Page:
7. Hirshleifer, Jack, 1995. "Anarchy and Its Breakdown," Journal of Political Economy, University of Chicago Press, vol. 103(1), pages 26-52, February.
    8. Ray, Debraj & Vohra, Rajiv, 1999. "A Theory of Endogenous Coalition Structures," Games and Economic Behavior, Elsevier, vol. 26(2), pages 286-336, January.
    9. Hart, Sergiu & Kurz, Mordecai, 1983. "Endogenous Formation of Coalitions," Econometrica, Econometric Society, vol. 51(4), pages 1047-1064, July.
    10. Locay, Luis, 1989. "From Hunting and Gathering to Agriculture," Economic Development and Cultural Change, University of Chicago Press, vol. 37(4), pages 737-756, July.
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    Citations

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    Cited by:

    1. Jacob L. Weisdorf, 2007. "Made for Toil: Natural selection at the dawn of agriculture," Working Papers halshs-00587788, HAL.
    2. Guzmán, Ricardo Andrés, 2007. "Many hands make hard work, or why agriculture is not a puzzle," MPRA Paper 4148, University Library of Munich, Germany, revised 08 Aug 2007.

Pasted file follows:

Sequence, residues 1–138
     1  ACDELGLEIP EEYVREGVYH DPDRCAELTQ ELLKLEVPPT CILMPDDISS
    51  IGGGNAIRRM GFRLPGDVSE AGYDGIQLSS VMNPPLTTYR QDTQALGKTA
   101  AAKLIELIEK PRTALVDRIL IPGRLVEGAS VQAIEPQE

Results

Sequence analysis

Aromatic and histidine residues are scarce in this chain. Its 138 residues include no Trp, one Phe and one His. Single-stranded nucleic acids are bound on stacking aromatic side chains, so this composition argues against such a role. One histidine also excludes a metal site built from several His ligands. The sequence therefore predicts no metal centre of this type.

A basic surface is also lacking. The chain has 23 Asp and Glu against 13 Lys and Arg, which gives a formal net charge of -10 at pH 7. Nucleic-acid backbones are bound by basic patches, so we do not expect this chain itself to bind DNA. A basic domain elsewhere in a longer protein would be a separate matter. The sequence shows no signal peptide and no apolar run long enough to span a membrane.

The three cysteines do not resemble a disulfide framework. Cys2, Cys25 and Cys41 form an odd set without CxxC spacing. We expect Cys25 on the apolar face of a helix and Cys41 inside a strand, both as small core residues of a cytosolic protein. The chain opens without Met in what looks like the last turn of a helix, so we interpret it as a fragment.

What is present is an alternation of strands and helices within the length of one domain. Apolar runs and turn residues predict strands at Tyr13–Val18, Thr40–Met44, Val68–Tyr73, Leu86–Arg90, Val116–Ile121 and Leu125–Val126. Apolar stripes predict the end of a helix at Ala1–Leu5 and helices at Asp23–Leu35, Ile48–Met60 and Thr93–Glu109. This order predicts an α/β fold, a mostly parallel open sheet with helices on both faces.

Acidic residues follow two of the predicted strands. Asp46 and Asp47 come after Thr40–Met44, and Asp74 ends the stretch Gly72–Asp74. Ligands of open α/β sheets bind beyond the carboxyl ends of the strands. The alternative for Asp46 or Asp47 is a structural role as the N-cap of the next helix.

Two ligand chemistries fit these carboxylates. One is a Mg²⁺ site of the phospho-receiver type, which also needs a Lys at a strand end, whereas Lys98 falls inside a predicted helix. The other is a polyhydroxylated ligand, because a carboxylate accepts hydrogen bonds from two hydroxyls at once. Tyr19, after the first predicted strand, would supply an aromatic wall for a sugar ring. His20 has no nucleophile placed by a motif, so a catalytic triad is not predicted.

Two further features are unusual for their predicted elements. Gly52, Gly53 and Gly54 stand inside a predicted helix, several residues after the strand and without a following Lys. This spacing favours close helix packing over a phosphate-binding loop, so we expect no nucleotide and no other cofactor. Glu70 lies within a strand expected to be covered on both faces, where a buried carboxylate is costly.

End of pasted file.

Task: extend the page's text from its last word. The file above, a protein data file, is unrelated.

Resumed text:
3. Quamrul Ashraf & Stelios Michalopoulos, 2010. "The Climatic Origins of the Neolithic Revolution: Theory and Evidence," Discussion Papers Series, Department of Economics, Tufts University 0751, Department of Economics, Tufts University.
    4. Matthew Baker, 2008. "A structural model of the transition to agriculture," Journal of Economic Growth, Springer, vol. 13(4), pages 257-292, December.
    5. Weisdorf, Jacob, 2009. "Why did the first farmers toil? Human metabolism and the origins of agriculture," European Review of Economic History, Cambridge University Press, vol. 13(02), pages 157-172, August.
    6. Guzmán, Ricardo Andrés & Weisdorf, Jacob, 2011. "The Neolithic Revolution from a price-theoretic perspective," Journal of Development Economics, Elsevier, vol. 96(2), pages 209-219, November.
    7. Jacob L. Weisdorf, 2007. "Made for Toil: Natural selection at the dawn of agriculture," PSE Working Papers halshs-00587788, HAL.